In my late teens I’d hear this story and think, I chose to get nearly naked in front of a crowd of spectators? WTF? At the time I was running middle distance for my school and county and regularly wearing those athletics running knickers (we used to call them ‘Edna’s’ but I have never figured out why) under extreme duress, pulling off my tracksuit bottoms at the very last second possible before each race and pulling them on quicker than you could say ‘Orange Peel’ at the finish line! The situation was exacerbated by the asinine observations of a young male sports coach who as I crossed the finish line of a grueling Cross Country meet (yes, I was first) wearing those minimal athletics pants shouted “Norrington-Davies! You’ve got Cellulite”. That same enlightened individual also once commented on the back of my legs in a short tennis dress. I was about 15 at the time.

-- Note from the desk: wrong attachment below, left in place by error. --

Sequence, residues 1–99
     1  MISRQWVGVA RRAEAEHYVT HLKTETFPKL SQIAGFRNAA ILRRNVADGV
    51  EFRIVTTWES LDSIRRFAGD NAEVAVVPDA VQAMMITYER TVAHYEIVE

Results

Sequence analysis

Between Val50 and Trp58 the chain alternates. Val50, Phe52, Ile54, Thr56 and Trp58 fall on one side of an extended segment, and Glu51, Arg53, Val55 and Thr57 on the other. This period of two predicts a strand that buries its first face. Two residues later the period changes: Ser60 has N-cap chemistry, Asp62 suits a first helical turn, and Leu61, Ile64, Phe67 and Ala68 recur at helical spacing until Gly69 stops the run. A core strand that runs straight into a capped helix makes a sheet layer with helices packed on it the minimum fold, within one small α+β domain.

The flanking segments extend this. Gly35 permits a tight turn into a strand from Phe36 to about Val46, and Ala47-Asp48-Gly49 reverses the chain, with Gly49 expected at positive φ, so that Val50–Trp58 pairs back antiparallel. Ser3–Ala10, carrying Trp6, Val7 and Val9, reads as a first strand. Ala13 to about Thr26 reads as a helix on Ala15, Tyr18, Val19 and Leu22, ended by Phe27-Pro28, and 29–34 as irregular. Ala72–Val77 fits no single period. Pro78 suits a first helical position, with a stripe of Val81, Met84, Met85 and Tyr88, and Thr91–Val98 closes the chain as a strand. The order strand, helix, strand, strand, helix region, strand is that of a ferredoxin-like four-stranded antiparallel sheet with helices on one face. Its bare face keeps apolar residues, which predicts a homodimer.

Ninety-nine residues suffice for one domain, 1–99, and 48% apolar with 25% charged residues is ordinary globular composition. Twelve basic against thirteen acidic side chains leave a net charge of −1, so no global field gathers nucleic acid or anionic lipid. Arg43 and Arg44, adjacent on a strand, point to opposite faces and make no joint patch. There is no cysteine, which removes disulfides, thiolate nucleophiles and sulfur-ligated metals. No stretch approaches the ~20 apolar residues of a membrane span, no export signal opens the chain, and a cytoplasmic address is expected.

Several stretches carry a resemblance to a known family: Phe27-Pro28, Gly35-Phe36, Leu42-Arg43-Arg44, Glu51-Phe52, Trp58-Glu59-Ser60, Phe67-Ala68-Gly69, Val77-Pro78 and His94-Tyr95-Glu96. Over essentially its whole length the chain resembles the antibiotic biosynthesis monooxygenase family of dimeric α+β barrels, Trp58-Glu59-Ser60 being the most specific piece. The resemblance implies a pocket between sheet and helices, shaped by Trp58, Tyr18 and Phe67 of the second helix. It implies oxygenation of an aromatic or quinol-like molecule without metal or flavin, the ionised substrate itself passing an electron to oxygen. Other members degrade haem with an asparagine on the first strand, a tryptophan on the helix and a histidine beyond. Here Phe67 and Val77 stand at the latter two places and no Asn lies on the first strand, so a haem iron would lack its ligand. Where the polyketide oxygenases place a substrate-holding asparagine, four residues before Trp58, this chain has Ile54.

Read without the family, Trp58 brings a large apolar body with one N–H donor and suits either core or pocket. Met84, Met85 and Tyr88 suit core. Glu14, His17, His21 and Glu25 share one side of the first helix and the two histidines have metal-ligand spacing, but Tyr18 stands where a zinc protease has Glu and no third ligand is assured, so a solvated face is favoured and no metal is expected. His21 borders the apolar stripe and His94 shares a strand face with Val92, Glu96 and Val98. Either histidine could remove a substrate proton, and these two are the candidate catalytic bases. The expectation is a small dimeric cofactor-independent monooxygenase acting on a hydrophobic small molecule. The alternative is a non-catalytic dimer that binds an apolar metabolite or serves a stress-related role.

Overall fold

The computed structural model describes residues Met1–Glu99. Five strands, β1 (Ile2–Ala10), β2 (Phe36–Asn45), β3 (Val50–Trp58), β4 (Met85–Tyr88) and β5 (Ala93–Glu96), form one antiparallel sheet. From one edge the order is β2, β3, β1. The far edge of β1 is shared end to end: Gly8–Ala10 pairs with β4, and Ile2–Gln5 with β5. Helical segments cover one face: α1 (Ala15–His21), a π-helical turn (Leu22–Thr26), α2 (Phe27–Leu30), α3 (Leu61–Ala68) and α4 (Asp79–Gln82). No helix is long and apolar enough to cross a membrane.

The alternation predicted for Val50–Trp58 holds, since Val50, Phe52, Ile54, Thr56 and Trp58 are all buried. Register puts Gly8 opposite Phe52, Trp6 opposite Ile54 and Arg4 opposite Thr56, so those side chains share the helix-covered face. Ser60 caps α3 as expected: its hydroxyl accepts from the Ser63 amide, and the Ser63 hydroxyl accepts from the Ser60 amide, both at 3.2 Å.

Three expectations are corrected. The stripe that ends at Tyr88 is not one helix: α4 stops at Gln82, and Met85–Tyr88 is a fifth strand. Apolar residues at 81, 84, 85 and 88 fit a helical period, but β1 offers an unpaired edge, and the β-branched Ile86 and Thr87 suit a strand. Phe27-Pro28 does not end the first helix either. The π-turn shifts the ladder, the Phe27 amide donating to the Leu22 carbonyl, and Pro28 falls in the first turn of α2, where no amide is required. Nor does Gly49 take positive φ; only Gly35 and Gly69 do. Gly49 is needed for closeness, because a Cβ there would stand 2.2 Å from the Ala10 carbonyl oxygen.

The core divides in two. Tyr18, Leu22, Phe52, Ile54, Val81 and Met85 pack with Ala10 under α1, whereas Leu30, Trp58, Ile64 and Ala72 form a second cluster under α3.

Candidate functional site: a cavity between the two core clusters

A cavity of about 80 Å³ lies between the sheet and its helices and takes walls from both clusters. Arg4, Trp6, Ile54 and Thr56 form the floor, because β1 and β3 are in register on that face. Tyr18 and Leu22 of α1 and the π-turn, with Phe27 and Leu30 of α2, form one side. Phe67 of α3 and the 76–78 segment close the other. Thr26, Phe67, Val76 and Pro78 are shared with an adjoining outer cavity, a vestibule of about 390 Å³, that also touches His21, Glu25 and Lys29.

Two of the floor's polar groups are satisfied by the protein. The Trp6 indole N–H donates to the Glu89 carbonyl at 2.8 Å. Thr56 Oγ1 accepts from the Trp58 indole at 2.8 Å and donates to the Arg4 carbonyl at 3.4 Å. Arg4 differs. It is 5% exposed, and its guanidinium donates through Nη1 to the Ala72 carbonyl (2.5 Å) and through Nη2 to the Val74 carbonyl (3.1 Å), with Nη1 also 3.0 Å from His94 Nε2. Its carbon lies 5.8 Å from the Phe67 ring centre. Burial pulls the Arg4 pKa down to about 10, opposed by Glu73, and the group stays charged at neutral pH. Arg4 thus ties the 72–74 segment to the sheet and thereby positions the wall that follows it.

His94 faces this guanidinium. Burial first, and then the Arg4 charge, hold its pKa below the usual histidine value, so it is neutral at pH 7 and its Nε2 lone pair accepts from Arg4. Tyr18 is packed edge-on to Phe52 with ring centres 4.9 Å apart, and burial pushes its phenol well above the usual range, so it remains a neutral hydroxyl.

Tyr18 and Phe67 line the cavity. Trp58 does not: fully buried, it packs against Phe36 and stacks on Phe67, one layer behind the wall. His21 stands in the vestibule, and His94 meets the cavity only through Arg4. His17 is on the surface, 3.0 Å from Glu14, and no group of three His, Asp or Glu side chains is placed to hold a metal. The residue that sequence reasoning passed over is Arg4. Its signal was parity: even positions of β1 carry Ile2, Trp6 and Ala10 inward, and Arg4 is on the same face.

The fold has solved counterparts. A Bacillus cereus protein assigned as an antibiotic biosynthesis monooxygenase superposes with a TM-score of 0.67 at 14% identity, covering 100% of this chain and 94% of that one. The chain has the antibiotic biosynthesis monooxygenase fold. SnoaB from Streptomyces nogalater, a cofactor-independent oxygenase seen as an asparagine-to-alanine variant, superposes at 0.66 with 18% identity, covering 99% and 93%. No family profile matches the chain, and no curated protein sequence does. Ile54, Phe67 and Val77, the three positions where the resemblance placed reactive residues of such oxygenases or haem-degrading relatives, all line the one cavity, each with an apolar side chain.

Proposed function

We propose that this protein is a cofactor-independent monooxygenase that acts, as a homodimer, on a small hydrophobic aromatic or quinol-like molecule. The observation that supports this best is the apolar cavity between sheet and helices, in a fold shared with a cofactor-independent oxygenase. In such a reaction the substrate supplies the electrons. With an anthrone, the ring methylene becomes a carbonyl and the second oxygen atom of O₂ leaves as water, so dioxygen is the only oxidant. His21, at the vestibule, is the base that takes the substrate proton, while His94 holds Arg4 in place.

By my mid twenties I’d hear this story and whilst I’d acknowledge the cute nature of if I’d cringe inside at the thought of doing it in the hear-and-now including on the beach, where I’d wrap myself up in board shorts and sarongs and hide my bum and thighs from scrutiny. For a large part of the decade I was travelling around the World from Australia to Asia, India and Africa. I was visiting some fantastic beaches in some beautiful places. I spent much time under a long t-shirt. I was worrying about the shape, size and consistency of my thighs instead of admiring views which belonged to postcards and films and books.
By my 30s appearing in my knickers in front of anyone other than my husband or gynaecologist was unthinkable.